Workers help de-weed the surrounding areas of Perungulathur Lake, Chennai.

This set of chain reactions will be unavoidable if the invasive species is not taken under control. There needs to be more intensive research on invasive species with a centrally accessible reservoir of data available to all. A proper detection, categorization and monitoring of these species is also necessary before it begins to spread. This needs to be done according to the level of threat and rate of spread in each bioclimatic zone. Best practices of IAS control from other countries need to be adapted and applied to the Indian context. Citizens can also get involved by gaining more awareness of the types of invasive species commonly found in their own backyards or vicinities. Local civic bodies need to mobilize volunteers to not only gain knowledge, but to involve them in the removal of invasive species.

Words: Arushi Dutt

Photos: Dr. Subramanean Janakiraman






Progress must continue to prevent urban flooding in India

The 2015 Chennai floods was a wake up call for city planners and residents in metro cities across India. Since then, there has been endless debate and discussion on the causes and possible solutions for urban flooding. Although there has been some progress, flooding continues to occur, as we currently witness during the monsoon season. While we revisit and reiterate these discussions, there are also some radical solutions from other countries that could be worth looking at for continued progress.

Poor city planning and management happened to be one of the factors for disaster in Chennai. Through analysis and research of the Chennai floods, it was discovered that wetlands and water bodies could be taken into better consideration while planning. Research shows that there has been an immense loss of wetlands in Chennai, which has unfortunately translated into becoming flood zones for the city. You see, these water bodies, if maintained, are ideal for groundwater recharge. When they are encroached upon by private settlements, there is a greater risk of flooding. Every Indian metro city needs to identify its flood zones and avoid building settlements and encroachments there to avoid the risk of flooding.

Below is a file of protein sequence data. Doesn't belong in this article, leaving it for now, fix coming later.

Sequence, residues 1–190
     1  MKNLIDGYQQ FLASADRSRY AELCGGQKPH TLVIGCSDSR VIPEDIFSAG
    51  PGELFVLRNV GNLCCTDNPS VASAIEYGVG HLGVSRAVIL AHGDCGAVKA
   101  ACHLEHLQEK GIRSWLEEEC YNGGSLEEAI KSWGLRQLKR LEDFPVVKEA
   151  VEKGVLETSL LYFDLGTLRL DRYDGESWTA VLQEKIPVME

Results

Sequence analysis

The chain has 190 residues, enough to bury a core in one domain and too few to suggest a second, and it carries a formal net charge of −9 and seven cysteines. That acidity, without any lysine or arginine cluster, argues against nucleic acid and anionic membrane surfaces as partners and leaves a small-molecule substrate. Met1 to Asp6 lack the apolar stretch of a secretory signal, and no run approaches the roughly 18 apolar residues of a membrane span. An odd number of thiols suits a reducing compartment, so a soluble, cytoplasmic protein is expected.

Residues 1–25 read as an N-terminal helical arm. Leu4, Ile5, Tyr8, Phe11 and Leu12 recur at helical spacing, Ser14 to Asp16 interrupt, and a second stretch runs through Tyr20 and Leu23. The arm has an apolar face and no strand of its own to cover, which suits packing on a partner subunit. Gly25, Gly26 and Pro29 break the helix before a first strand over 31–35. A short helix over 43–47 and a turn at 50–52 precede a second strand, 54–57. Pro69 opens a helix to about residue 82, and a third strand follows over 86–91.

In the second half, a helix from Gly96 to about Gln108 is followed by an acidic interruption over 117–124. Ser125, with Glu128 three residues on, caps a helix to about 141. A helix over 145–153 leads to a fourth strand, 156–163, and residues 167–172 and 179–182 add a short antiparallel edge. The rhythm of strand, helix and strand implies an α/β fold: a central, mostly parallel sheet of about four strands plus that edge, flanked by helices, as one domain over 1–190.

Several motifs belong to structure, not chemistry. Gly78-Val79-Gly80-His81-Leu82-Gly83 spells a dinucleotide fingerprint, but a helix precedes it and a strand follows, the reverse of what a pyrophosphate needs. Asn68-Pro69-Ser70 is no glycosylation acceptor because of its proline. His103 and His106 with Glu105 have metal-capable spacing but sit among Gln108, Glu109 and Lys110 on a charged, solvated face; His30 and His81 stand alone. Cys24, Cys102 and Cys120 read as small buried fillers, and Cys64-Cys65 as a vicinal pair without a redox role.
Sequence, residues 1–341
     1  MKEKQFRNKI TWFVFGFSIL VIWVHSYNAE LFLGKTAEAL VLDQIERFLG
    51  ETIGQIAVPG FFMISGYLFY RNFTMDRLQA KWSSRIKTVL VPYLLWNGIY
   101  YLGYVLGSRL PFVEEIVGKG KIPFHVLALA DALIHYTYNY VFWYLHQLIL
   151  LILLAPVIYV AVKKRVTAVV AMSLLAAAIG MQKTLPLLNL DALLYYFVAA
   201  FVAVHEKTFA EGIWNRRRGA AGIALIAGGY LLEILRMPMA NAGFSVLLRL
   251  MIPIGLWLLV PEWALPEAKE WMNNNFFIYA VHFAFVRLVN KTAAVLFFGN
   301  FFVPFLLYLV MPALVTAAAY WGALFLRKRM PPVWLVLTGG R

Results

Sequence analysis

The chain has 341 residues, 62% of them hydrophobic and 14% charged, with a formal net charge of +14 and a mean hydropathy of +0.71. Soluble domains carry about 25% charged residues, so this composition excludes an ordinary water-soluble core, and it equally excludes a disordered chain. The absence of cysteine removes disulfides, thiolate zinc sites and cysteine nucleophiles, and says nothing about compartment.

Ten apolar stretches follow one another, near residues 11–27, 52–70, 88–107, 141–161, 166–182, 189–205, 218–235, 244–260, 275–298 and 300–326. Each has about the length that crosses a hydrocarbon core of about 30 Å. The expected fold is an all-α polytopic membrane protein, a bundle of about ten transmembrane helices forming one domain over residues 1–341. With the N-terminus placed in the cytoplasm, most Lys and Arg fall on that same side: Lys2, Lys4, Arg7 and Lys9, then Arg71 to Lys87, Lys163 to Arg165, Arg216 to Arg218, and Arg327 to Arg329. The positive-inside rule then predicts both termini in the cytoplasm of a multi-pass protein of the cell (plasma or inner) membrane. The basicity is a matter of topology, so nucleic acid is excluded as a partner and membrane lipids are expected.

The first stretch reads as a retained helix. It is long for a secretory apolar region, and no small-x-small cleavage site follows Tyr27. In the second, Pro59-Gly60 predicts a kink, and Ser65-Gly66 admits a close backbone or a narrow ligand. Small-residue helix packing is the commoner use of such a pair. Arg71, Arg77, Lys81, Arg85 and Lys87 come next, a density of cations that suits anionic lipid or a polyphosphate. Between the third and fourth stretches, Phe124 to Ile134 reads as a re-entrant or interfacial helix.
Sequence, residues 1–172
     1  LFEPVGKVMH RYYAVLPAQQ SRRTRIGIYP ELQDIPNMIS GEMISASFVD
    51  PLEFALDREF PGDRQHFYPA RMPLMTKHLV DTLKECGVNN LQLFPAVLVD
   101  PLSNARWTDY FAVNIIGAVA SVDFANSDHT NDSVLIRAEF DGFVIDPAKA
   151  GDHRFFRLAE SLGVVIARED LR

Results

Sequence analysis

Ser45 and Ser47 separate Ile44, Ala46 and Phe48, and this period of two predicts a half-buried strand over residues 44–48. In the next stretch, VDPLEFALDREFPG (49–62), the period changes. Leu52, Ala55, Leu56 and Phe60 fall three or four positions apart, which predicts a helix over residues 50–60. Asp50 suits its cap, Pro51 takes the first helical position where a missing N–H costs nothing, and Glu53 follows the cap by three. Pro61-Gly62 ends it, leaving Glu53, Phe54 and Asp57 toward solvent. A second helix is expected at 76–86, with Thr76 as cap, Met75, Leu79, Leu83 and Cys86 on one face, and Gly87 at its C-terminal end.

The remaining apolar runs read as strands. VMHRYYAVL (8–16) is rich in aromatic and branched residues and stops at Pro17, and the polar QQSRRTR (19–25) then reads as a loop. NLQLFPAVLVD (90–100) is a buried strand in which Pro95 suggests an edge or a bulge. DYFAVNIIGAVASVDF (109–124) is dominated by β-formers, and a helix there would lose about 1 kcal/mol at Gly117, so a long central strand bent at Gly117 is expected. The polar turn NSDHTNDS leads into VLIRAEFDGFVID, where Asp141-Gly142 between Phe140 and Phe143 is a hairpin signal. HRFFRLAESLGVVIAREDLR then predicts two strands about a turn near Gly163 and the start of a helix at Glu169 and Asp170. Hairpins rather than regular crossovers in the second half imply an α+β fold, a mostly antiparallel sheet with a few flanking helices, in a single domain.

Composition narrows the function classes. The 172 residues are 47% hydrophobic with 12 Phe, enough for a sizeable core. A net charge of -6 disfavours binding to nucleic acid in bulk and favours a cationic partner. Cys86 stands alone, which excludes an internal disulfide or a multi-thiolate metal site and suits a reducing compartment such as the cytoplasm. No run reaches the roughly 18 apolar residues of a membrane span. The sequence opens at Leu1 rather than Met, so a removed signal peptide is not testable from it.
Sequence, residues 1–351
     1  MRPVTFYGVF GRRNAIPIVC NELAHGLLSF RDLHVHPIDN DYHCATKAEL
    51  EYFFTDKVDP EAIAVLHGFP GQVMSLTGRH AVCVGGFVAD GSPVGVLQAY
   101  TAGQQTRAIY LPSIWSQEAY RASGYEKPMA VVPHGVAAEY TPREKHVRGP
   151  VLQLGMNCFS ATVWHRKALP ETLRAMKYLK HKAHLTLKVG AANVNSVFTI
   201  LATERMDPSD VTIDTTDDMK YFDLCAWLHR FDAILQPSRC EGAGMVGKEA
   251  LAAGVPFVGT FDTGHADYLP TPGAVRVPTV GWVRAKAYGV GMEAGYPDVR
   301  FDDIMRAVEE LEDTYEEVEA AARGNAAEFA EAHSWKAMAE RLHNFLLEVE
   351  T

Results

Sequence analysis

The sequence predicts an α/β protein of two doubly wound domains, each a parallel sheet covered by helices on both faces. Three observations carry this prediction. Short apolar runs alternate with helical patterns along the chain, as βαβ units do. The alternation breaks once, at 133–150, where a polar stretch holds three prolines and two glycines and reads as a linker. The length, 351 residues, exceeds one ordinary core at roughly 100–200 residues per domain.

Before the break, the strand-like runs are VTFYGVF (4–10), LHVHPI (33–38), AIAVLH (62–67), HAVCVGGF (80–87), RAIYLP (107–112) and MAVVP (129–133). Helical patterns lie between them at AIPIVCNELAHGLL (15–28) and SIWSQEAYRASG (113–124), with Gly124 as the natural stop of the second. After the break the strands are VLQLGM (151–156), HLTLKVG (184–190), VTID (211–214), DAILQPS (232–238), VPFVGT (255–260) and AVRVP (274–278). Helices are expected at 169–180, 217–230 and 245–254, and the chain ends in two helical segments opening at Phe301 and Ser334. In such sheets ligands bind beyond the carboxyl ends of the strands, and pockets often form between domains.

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The city’s drainage system was also looked at after the 2015 floods. The lack of and careless solid waste management clogs up many of Chennai’s drainage systems. Lack of a macro drainage network connecting all parts of the city well happened to be a contributing factor to the 2015 floods.

Although various communities in Chennai came together for rescue efforts during the floods, discussions of having better disaster management plans were also brought up. Practicing safety drills in schools, companies, and other institutions could prepare the public a lot more. A good forecasting system well in advance could help carry out rescue efforts more efficiently.

A few more radical solutions can also address urban flooding. One of which includes green rooftops that can be easily incorporated in urban areas. Researchers in the West have been fascinated with the concept of green roofs, or roofs covered with plants, and finally begun to implement them in cities like California, New York, and Toronto. These green roofs have immense potential in storing rainwater. It is these miniature green spaces that will absorb a large percentage of rainwater. D 201

Keeping the city greener by planting more trees is always the simplest solution for flood control in metro cities. Rain gardens that are similar to green roofs, but lower to the ground, are also being implemented in countries abroad. These gardens also naturally trap and re-circulate rainwater.

Even more radical than these solutions are permeable concretes, which have already been incorporated in cities in China. Acting like a concrete sponge, this type of concrete allows water to pass through, accumulating storm-water underneath. Since 2016, China has incorporated the sponge city pilot construction in over 30 cities. Of course, pipes and drainage system would have to be completely re-arranged to accommodate this concept but it could be worth pondering over…

Aside from discussing layouts and radical ideas, residents and community groups need to get much more involved to protect their own city. Although civil society groups organize occasional cleanups in Indian metro cities, they can be much more regular and consistent in their efforts to appeal to the masses. Creating digital awareness by circulating eye-opening pictures and videos on social media could also help shatter ignorance and indifference. By giving access to information in a convenient and simplified manner to the public, there can be a much more collaborative effort to spark change.

The city of Chennai came together after such a huge stumble. With increased awareness and knowledge, residents of all Indian metro cities would surely come together to protect their city.

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Words: Arushi Dutt

Pictures: M. Karthick and B. Vinod


Greener Chennai= Healthier Chennai